A Flybe pilot was fired from job after he developed fear of flying and experienced panic attacks before flights for four years.
First officer Matthew Guest has now won a claim for unfair dismissal after the budget airline, for which he worked for almost a decade, gave him marching orders due to his phobia.
The father-of-two is likely to get his old job back based at Birmingham West Midlands Airport, reported Daily Mail. The ruling comes after employment judge said that Guest should have been offered alternative roles or at least an opportunity to discuss his case with group chief operating officer, Luke Farajallah.
Since joining the Q400 planes in August 2007, which are of longer duration, Guest delivered 'good service' for seven years. But on 13 December 2014, he had 'an unsettling experience' halfway through a flight to Florence when he suddenly felt sick and dizzy.
The Birmingham hearing was told that Guest 'felt anxious to be on the plane, hot, dizzy, churning stomach. Judge Tom Coghlin QC said in a written ruling, "He later described this as feeling like severe butterflies or stomach cramp. He called in sick and returned home. He was due to fly to Keflavik in Iceland but felt anxious and told his Captain before take-off that he did not feel well enough to fly."
Guest informed his Aeromedical Medical Advisor (AME) Dr Ken Dawson of his situation by email that day. He wrote to him that his home life was not easy at that point since he had a toddler going through the 'terrible twos' and a three-month-old baby.
Over the next two months Guest underwent six treatments and had his medical certificate reinstated on 27 April 2015. But, again in July when he was due to fly to Salzburg, shortly before take-off he began to feel shaky with an increased heart rate and hyperventilation. He got off the flight and described this as an 'anxiety attack' and a 'panic attack'.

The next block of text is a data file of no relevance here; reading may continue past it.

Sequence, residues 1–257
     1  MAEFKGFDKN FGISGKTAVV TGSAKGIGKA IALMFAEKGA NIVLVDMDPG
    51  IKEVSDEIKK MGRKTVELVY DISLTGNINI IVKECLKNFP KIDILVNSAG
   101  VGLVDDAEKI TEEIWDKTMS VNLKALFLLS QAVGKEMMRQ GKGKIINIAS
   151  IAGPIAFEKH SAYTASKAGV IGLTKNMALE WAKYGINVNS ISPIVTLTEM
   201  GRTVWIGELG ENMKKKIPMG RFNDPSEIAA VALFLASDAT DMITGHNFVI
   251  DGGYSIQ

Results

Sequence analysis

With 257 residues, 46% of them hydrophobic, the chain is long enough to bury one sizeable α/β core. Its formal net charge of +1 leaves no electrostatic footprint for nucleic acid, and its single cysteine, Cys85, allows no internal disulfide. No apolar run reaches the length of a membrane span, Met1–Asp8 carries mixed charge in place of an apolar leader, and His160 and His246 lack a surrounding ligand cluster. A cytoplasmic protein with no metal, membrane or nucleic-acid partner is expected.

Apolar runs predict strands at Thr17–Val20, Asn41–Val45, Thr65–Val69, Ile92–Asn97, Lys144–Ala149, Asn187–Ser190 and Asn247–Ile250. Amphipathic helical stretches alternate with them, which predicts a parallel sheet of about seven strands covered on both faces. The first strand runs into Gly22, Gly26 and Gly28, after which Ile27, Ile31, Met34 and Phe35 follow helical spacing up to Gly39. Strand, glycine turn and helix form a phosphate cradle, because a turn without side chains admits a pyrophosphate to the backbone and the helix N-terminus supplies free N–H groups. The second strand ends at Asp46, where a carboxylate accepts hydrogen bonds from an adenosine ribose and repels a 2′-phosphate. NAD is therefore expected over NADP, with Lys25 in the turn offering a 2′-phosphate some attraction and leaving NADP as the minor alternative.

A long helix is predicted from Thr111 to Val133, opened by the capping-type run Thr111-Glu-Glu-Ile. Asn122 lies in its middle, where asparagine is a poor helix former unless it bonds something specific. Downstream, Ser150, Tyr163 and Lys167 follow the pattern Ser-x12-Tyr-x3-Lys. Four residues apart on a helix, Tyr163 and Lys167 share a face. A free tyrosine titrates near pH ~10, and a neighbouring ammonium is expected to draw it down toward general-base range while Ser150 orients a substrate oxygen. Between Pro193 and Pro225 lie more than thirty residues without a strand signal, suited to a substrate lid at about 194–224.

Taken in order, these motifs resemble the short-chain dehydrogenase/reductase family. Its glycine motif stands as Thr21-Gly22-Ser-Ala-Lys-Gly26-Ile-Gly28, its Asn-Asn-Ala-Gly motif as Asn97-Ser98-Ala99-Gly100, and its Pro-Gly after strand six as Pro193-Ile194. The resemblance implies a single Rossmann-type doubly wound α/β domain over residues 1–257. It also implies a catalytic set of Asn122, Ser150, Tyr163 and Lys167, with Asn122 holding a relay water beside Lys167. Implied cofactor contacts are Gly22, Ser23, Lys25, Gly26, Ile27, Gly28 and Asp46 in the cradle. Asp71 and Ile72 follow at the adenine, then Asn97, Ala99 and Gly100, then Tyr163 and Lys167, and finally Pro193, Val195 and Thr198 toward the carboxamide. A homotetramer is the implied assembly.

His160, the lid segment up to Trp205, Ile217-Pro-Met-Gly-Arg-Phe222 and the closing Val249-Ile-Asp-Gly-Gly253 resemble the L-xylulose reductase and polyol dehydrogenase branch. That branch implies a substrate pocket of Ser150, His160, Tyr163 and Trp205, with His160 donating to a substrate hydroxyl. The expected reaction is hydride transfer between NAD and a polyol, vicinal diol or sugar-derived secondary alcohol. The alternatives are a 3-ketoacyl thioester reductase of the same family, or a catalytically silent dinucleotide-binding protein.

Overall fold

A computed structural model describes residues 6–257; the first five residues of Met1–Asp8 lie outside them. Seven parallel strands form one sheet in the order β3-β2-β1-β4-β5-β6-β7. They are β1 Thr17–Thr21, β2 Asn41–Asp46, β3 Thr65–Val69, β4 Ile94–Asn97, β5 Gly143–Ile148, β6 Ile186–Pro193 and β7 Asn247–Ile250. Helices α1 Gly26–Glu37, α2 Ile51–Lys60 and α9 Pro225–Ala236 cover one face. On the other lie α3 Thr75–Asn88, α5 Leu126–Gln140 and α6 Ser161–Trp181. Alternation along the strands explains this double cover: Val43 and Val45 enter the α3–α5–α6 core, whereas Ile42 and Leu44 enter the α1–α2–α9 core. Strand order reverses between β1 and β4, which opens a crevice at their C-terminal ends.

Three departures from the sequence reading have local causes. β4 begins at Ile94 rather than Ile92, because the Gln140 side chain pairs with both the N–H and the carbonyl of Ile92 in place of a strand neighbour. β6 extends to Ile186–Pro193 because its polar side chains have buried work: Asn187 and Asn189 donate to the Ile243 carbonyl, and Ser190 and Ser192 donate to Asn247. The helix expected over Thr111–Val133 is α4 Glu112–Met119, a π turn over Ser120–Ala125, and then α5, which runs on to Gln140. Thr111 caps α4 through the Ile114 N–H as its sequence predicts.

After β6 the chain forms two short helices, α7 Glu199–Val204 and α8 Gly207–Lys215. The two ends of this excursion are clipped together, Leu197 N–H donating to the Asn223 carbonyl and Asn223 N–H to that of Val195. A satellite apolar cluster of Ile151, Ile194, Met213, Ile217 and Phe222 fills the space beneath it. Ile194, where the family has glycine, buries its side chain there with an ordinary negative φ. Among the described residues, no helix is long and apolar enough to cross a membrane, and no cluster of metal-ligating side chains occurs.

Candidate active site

Post this, Guest again began his hypnotherapy and acupuncture sessions and was prescribed an antidepressant permissible for pilots. He began his second period of absence owing to his treatment. However, he returned to work on 26 April 2016 after successfully completing his treatment and started working part-time, with a pattern of 5 days on, 5 days off.
Guest returned to normal duties on June 1, 2016 and worked 5 days on, 5 off until June 17, 2016 when he was scheduled to fly to Kefalonia in Greece the next day. This was a long flight of four hours and Guest called in sick the following day. His roster was then cleared without reference to him and was told not to return to work before the end of his employment in 2017.
Guest was handed a letter informing him of his termination on 24 March 2017 that read: 'The Company remains concerned regarding your fitness to safely fly. The medical advice containing the suggestion that your condition could return causes the Company serious concerns and Flybe are not prepared to take risks in the flight deck with people's lives'.
This article has been adapted from its original source.
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